Here are some of my delicious bookmarks (that automatically get sent to my Twitter account @c4lpt) - in case you missed them!!
Josh emailed me about WordWrap macro as follows:
Announcing a humble little tool that can save a lot of time, not to mention tedium and frustration.
Problem: when copying multiple lines of text from PDF into Word documents, there’s no easy way to merge multiple lines of text into a single paragraph in Word. The busy author must hand-edit, line by line, removing line breaks and adding spaces.
Solution: With this simple macro for Microsoft Word 2007, press CTRL-SHIFT-V and the clipboard’s text is pasted without CR/LF “wrap” characters, so you get a single, merged line of text.
V1 works with Word 2007 on Vista in English, but it’s open-source; feel free to improve it
Ed wrote to tell me about ShareNotes as follows:
"Basically it's a site where students upload their class notes to build an online resource where students can search for notes from their own classes or look at other peoples notes. It provides an incentive for uploading notes, students get paid $50 for each 100 notes they upload."
ShareNotes.com is 100% free to use, simply create a login and start sharing / downloading lecture notes. Additionally, ShareNotes.com does not take any part of your commissions.
[70 further note taking and sharing tools here]
Your audience - or even your students - are tweeting : How do you draw them into your presentation?
By asking for their opinion, and displaying their tweets directly in your PowerPoint slides.
With Poll Everywhere, you can invite people to tweet a short comment directly to your slide in real-time, while still blocking inappropriate or off-topic tweets. You can also ask multiple choice questions and watch a graph evolve as people vote.
Download slides that show live results. Nothing to install!
Free and paid price plans
[Over 150 Twitter apps here]
Jay Cross has a new un-book out, What would Andrew do? Here's the description:
Chief Learning Officers and training directors are struggling to convince executives they are making a difference. To be successful, they must think and act like business people. This takes more than jargon and metrics. This un-book explains what a training director must do to get budget, keep her job, and make solid contributions to the bottom line. What Would Andrew Do? will challenge you to convince a hard-nosed, self-made Scot that your proposed learning project is a worthwhile use of his money. If you can do that, convincing your organization shouldn’t be a problem. This is version 4.5 of What Would Andrew Do? It is a work in progress. It’s incomplete. Don’t buy this book unless you’re willing to put up with messiness in order to get its message.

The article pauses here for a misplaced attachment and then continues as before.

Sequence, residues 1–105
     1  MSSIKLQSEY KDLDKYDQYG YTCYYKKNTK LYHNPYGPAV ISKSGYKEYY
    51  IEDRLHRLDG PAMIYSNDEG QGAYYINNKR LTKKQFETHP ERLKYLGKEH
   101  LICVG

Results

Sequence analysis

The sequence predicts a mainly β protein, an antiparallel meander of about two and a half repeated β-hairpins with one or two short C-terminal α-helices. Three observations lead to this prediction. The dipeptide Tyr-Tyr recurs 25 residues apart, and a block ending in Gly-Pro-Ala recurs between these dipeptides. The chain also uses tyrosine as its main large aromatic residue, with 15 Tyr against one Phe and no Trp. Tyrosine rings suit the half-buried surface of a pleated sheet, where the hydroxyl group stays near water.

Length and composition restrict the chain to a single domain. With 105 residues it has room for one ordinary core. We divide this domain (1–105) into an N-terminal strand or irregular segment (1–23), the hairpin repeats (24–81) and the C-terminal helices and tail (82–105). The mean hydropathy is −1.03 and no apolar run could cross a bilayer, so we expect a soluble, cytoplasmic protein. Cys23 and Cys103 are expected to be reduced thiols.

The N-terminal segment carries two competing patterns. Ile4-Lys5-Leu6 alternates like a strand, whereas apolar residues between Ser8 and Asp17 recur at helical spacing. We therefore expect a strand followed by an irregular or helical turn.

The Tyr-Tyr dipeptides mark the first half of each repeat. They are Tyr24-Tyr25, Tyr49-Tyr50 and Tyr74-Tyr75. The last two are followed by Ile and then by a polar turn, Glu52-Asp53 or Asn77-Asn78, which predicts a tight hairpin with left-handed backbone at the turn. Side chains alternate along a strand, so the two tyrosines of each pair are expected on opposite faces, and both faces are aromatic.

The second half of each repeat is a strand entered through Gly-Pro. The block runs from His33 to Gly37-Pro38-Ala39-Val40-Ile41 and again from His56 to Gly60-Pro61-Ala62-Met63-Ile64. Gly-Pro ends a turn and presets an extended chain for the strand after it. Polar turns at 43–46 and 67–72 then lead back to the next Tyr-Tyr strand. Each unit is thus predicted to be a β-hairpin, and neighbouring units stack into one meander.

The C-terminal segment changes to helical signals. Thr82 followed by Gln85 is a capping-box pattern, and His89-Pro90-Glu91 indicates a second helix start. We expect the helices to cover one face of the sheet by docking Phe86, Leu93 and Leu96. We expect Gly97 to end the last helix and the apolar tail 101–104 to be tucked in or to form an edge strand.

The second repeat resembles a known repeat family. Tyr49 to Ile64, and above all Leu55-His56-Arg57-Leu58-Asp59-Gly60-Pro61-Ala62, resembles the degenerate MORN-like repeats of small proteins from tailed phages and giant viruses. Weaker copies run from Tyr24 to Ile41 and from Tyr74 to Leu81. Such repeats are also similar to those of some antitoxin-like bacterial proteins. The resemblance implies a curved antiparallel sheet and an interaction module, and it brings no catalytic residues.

You can access What woudd Andrew do on the Lulu Marketplace, where you can purchase a downloadable or print copy.
Here's Jay's own blog posting about it
Joe emailed me about FunnelBrain:
FunnelBrain is an academic question-and-answer site that provides an environment for team based learning and multi-media flashcards.
Create FunnelBrain Flashcards with videos photos, audio, text and math equations!
Nearly 100 learning professionals from around the world have now shared their Top 10 Tools for Learning, which I am using to build the Top 100 Tools for Learning 2009.
Here is a a screenshot of the the top 20 tools on the list - at the time of writing this posting - which shows information about their place on the list over the last 2 years.
Ali emailed me with details of Cobocards as follows:
"With Cobocards (Collaboration Cards) students can create flashcards in collaboration, i.e. someone founds a team and everyone creates flashcards. If you have 5 team members and each of them creates 20 flashcards the next day each of them has a set of 100 cards."
You can print them and study offline, edit them again and again, compare with older versions, check the status of your knowledge, upload pictures and graphs, include formula with LaTeX, share your flashcards with friends, set a deadline for exams,...
[Over 40 More Interactivity tools here in the Directory of Learning Tools]
A number of people have emailed suggesting I blog about Wolfram Alpha. I haven't done so up to now because it has had so much coverage that I didn't think I could add any more to what had already been said. So in this posting I am going to link to three articles about how it compares with Google.
First of all, WolframAlpha calls itself "a computational knowledge engine" rather than a search engine. It's long-term goal is "to make all systematic knowledge immediately computable and accessible to everyone".
Anybody got any interesting experiences of using WolframAlpha to share?